Other cities, other plans; different friends, different dreams; former loves, former lives. After fifteen years in Death Cab for Cutie, Ben Gibbard didn't make his first solo album in search of a new beginning; instead, it closes a door. "These songs span eight years, three relationships, living in two different places, drinking then not drinking" he says of the dozen tracks that comprise Former Lives. "They're a side story, not a new chapter."
Still, what we keep for ourselves is often just as interesting as what we choose to share.
Former Lives is a gorgeous shadow anthology, the exuberant sound of one of our best songwriters finding his voice by experimenting with those of others. "In Death Cab, we've always been very specific," Ben explains. "We record for the album and then maybe two or three more." But fresh ideas and new experiences don't stop during the weeks and months between the studio and the tour bus; life rarely follows a neatly organized itinerary. "When I'm home between records my only job is writing songs," Ben says. "So when I get up in the morning, what else am I gonna do?" Over time, stray ideas - some fully-formed, others just flecks of melody - filled notebooks and hard drives but as Death Cab songs they never quite, in Ben's words, "fit into the whole."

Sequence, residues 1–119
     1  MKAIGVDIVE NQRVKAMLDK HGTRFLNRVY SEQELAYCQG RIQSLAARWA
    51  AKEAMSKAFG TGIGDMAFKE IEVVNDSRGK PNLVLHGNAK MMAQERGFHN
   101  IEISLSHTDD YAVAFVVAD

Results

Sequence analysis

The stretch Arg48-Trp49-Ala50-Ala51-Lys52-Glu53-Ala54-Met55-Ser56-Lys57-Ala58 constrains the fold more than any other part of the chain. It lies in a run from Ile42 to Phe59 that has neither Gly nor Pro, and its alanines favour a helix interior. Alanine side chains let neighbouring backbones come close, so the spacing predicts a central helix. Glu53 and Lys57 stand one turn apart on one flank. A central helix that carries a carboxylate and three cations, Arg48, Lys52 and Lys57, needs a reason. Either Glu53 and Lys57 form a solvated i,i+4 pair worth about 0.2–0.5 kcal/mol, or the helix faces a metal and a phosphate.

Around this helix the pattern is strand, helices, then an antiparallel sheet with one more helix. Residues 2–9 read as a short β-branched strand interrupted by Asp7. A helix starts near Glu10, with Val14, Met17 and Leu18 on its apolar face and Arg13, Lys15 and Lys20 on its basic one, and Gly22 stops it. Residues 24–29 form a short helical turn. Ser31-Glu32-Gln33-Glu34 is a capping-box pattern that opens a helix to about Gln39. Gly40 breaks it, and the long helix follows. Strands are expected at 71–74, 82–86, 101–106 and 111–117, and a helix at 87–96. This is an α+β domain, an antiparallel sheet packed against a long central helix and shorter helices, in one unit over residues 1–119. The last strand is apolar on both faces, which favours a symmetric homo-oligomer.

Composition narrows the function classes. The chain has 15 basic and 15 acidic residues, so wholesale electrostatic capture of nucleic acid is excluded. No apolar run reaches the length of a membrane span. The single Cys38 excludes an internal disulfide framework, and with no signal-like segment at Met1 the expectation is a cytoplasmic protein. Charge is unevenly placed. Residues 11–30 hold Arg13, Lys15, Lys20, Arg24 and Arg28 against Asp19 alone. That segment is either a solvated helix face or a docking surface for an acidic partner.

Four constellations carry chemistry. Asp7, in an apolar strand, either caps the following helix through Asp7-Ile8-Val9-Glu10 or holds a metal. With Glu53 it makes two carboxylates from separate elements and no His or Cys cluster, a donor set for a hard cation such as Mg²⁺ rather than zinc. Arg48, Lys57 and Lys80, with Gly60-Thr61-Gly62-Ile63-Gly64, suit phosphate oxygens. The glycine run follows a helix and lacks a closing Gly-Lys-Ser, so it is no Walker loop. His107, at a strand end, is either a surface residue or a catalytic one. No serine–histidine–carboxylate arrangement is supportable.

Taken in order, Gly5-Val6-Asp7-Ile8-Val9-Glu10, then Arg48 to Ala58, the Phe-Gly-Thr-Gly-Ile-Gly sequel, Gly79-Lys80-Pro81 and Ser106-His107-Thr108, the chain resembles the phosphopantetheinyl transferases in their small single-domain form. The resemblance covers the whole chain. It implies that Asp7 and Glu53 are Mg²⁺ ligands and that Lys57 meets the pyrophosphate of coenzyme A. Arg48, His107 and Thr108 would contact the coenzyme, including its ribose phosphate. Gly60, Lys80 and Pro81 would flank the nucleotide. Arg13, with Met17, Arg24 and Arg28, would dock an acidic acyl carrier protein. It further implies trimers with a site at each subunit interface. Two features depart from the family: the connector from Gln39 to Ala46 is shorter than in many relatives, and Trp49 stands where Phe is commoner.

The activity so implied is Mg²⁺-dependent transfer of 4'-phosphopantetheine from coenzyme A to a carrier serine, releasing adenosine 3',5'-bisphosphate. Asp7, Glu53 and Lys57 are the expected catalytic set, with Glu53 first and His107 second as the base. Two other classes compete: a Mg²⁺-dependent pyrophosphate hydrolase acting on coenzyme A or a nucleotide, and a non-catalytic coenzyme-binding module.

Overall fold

It took a dramatic change of scenery for their author to realize these square pegs could do just fine on their own, when, a couple of years back, Ben found himself in Southern California, living away from his native Seattle for the first time and making a go of it in a city he famously mocked back on 2000's The Photo Album. But instead of sunshine and celebrity, he discovered a fountain of inspiration. "All the musicians I knew in Los Angeles were constantly making things, always working and doing something interesting. That really lit a fire under me," he says. "And at the same time I was disappearing into the vastness of the city. It surprised me, but there was really something very comforting about falling away into such a huge place." The castaway songs (and pieces of songs) that had been "floating" for years seemed suddenly like the perfect paint for this wonderfully disconcerting new canvas. In between fruitful sessions with Death Cab for what would eventually become 2011's Codes & Keys, Ben holed up with longtime pal Aaron Espinoza (Earlimart) in the City of Angels, reveling in the freedom of solo recording, enjoying both the careful process of turning what had seemed like disparate material into a cogent album of songs and the spontaneity, as Ben puts it, to say things like "fuck it, let's get a Mariachi band." And then to do exactly that.